Linux remote incremental backup

Backup is something that we should all be doing all the time. Sometimes it’s simple, other times it’s not. I’m going to deal with one of those times it seems a lot harder than it is: a remote incremental backup. Let’s say you’ve got a server with a website that other people are editing and it’s not got any version control, for whatever reason. Let’s also say that you need to back it up and provide the ability to roll back a day or two, or even to any point in its history. This seems like the sort of thing you buy an off-the-shelf product for when it’s something you can do with one simple shell script. All you need is a Subversion repository and the usual tools one finds lying about on a Linux system. I’m going to have to assume a working knowledge of Subversion for this, but if you are not familiar with the workings, there are plenty of simple tutorials on the internet that will get you up and running.

#!/bin/bash
# Jared Earle, 2011-08-14, 23x.net Ltd
# Set the datestamp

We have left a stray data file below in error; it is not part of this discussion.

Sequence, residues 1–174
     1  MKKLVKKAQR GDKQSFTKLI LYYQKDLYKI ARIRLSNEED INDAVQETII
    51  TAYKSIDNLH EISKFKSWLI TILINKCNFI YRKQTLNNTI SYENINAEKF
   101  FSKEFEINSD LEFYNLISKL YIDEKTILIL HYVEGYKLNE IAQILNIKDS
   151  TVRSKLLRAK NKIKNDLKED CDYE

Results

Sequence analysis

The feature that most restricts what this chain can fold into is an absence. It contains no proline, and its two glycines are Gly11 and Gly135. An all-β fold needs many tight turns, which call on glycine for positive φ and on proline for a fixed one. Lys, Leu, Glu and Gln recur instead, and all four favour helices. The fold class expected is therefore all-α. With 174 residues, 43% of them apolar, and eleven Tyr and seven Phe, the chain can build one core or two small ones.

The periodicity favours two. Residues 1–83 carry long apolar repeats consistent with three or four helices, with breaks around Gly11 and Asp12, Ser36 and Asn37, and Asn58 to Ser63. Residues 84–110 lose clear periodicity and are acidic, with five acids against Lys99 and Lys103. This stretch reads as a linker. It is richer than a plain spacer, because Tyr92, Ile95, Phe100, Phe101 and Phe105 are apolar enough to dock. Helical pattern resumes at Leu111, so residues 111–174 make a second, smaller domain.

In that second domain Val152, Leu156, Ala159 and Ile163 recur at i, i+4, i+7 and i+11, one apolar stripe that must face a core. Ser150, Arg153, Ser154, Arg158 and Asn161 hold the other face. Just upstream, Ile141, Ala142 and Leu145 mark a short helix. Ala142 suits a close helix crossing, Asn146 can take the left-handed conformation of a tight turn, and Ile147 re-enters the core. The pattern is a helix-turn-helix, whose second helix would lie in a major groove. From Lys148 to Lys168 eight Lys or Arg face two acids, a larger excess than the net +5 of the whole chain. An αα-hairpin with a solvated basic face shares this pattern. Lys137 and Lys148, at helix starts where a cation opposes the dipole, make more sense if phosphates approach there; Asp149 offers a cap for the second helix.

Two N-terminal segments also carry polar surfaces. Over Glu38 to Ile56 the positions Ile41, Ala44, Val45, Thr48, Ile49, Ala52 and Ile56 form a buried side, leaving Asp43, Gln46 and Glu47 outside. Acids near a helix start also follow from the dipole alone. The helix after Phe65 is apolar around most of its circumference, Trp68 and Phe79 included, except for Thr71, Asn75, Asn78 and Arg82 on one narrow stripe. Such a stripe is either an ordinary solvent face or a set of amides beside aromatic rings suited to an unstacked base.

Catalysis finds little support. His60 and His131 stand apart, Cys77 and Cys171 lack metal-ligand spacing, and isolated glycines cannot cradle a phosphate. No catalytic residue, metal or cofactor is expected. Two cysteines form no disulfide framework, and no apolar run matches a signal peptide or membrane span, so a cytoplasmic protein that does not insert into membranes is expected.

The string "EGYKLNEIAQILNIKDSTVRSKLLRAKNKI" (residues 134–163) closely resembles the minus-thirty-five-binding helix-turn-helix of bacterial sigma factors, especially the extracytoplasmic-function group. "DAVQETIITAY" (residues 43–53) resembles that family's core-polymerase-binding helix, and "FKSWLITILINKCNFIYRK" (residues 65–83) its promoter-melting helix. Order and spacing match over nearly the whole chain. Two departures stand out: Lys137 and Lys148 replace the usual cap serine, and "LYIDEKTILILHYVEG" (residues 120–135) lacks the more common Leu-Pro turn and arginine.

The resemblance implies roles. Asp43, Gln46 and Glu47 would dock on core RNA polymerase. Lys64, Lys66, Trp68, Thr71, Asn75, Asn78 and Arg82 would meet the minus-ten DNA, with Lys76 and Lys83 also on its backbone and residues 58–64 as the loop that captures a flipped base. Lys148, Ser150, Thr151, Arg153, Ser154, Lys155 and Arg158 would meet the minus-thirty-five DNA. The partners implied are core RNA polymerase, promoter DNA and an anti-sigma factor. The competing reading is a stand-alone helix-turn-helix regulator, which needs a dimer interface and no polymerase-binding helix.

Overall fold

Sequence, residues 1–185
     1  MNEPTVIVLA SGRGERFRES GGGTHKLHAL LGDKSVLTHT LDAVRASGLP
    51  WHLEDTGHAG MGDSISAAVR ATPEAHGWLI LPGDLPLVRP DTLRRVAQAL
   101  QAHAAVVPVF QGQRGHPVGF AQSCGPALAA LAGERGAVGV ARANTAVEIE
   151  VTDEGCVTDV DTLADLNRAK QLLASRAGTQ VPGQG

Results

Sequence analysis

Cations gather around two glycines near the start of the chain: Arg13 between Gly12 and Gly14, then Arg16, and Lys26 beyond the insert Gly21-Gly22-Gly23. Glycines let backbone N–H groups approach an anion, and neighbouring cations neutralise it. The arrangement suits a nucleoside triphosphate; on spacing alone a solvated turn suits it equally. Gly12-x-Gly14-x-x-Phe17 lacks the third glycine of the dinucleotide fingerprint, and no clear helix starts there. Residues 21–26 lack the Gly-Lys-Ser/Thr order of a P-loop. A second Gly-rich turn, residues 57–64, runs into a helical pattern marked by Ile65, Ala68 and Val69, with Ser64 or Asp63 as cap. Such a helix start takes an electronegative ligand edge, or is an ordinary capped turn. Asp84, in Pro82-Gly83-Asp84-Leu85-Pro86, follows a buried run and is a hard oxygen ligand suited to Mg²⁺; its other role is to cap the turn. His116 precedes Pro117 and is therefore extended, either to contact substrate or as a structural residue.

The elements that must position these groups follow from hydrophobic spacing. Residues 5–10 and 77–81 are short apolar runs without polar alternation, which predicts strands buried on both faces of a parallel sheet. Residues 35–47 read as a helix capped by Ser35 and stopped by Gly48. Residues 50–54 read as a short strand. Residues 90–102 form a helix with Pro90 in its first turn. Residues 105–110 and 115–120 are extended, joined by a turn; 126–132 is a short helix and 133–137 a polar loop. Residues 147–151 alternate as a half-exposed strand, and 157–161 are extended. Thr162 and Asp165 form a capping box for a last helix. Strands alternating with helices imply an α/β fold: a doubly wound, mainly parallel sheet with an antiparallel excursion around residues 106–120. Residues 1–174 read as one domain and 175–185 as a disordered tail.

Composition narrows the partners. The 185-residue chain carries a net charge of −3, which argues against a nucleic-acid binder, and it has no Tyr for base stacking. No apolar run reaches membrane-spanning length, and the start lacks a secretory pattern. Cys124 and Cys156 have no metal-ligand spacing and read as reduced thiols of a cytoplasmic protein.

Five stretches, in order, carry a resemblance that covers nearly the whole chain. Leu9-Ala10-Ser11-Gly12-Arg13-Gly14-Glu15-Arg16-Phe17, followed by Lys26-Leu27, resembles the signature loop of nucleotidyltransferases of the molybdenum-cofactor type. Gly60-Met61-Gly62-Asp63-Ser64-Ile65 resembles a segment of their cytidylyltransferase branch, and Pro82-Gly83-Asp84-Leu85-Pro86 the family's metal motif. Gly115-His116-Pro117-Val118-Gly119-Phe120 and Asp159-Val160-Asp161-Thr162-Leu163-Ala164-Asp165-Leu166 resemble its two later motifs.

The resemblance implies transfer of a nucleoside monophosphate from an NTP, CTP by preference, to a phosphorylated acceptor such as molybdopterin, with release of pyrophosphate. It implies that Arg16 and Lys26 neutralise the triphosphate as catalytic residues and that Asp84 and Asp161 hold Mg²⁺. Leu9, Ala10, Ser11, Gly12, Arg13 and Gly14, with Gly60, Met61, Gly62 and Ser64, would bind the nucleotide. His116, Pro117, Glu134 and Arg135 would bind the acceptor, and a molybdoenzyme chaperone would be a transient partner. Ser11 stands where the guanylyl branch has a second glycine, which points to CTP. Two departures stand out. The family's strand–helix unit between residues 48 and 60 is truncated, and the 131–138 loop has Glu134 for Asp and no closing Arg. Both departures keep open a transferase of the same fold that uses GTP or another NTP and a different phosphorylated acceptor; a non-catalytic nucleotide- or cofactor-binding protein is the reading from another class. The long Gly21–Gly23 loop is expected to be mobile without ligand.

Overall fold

export date=$(date +\%Y\%m\%d)
# Server name and paths - change these to your values
export server="host.tld"
export remotepath="/path/to/remote/files"
export localpath="/path/to/local/files"
export templog="/tmp/subscript${date}.log"
# Fetch the files and push them to subversion
cd ${localpath}
echo "Backup dated ${date}
----" > ${templog}
/usr/bin/rsync -avz -e ssh ${server}:${remotepath}/ ./ >> ${templog} 2>&1
/usr/bin/svn add --force .
/usr/bin/svn commit -F ${templog} .
rm ${templog}

You need to have SSH keys set up on your local system and on your remote system so as not to require passwords every time you run the script. You also need to check out the empty repository to the directory specified in $localpath in the script and get it to store the subversion password locally.

After it’s set up, you just put this script somewhere convenient and add it to crontab to run nightly. Yes, I realise this seems far too simple, but that’s the point. It works on Linux, BSD and OSX, as far as I can tell.¬†Any comments, questions or improvements, feel free to comment below.

Jared Earle is a writer, photographer and systems administrator. You can find him on Twitter most of the time.

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